October 31st is a notable day for a couple of reasons. Many countries, including the United States, celebrate Halloween on October 31st, on which children don costumes in order to walk around their neighborhoods or broader communities saying, “Trick or treat,” as they collect candy from friends and neighbors. Of course the Halloween holiday has some other kinds of significance for certain cultures, especially those outside the United States as a “day of the dead,” but for most American children it is nothing more than an opportunity to gather as many sweets as possible and dress up as a favorite superhero or other kind of character.
Beyond Halloween, though, October 31st is recognized by a significant portion of the world as “Reformation Day” to commemorate the anniversary of Martin Luther nailing his 95 theses to the door of the All Saints’ Church in Wittenberg, Germany in rebellion against doctrinal corruption in the Catholic Church and as a challenge to papal authority. Protestants around the world celebrate Reformation Day and recognize it as the day that Christians were freed to worship God as He is meant to be worshiped: personally and rightly.
As a foreword to Nathan Busenitz’s book Long Before Luther, pastor and author John MacArthur writes about Luther’s work in the Reformation:
In the sixteenth century, Martin Luther and his fellow Reformers rallied against the corruption that dominated Roman Catholicism. Chief among their concerns was Rome’s distortion of the gospel. Roman Catholicism had subverted the gospel of grace by setting up a sacramental system of works-righteousness in its place. Luther’s study of the New Testament, and especially the phrase “the just shall live by faith” (Rom. 1:17; Gal. 3:11; Heb. 10:38; see Hab. 2:4) NKJV, launched his understanding of the gospel and emboldened his stand against the false system of his day. And God used Luther as a key part of the great recovery of the gospel known as the Reformation.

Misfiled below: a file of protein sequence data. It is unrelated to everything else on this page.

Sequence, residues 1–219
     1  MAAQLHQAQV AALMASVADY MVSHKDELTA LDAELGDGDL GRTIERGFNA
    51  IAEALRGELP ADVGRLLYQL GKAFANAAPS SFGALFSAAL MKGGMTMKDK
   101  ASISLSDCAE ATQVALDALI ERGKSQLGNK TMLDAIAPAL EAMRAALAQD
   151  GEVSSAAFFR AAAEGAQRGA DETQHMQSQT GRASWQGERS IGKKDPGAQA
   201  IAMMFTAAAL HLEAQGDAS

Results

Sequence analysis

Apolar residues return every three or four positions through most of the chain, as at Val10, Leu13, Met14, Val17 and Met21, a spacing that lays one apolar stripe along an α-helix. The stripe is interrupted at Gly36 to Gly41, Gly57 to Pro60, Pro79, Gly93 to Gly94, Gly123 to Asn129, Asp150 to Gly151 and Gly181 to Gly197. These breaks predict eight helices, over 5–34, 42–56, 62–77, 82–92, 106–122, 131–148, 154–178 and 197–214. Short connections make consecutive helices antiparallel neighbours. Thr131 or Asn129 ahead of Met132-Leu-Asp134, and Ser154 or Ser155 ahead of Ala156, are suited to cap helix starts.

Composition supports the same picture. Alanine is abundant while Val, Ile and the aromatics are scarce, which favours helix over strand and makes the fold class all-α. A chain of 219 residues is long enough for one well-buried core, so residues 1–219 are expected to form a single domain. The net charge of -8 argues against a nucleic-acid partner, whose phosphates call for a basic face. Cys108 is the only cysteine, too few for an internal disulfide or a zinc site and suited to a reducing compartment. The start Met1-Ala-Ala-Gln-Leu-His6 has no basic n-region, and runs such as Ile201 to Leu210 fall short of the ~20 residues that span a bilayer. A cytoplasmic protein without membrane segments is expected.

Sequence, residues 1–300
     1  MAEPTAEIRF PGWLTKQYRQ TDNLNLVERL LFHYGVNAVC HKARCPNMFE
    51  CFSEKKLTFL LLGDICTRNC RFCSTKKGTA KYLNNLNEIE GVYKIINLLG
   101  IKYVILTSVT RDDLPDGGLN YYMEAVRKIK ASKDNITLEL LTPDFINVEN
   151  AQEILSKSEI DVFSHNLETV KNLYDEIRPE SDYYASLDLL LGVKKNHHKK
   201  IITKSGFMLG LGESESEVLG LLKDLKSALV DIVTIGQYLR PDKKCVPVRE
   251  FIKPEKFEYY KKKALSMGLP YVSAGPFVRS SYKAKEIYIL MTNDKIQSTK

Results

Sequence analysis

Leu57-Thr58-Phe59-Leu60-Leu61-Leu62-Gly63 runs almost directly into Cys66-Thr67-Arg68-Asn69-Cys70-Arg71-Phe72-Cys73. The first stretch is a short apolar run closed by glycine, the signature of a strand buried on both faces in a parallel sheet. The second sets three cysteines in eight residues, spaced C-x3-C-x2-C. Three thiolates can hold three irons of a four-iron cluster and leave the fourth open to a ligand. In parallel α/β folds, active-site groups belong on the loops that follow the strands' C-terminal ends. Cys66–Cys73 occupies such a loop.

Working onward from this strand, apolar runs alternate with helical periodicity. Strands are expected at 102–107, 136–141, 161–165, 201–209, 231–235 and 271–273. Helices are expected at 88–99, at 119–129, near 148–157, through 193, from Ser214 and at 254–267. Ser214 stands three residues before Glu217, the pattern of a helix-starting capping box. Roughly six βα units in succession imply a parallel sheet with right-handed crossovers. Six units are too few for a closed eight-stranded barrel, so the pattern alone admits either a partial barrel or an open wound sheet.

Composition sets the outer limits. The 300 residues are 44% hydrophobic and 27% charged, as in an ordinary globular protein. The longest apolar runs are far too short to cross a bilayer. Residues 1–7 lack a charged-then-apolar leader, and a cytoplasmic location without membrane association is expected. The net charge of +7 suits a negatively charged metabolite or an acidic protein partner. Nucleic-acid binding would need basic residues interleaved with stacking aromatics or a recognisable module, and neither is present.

But before Luther was a clear-headed theologian, he was a confused monk. Before he was a powerful force for gospel advancement, he was a tormented failure who lived in constant spiritual pain. Even after joining a monastery, he was profoundly depressed and overwrought with so much guilt that he lived in constant anxiety and fear.
Like many in the sixteenth century, Luther believed the road to salvation depended on his own self-effort. He found that road to be impossibly difficult. No matter what he did, he could not overcome the reality of his own sinfulness. Convinced that he had to reach a certain point of worthiness to receive God’s grace, Luther went to extremes—starvation, asceticism, sleeplessness. He punished himself in an effort to pay for his sins and appease God’s wrath. Even so, he had no peace—and no salvation.
Because he understood the reality of divine judgment, he desperately wanted to be right with God. The fear of God drove him to seek reconciliation and forgiveness. He longed for a way to escape hell and enter heaven. Yet even as a monk doing everything he could possibly do, he could not find relief for his fear and guilt. “How can I be right before God?” That was the question that tormented Luther. It is a question that every sinner must ask. But it is a question to which only the gospel provides the true answer.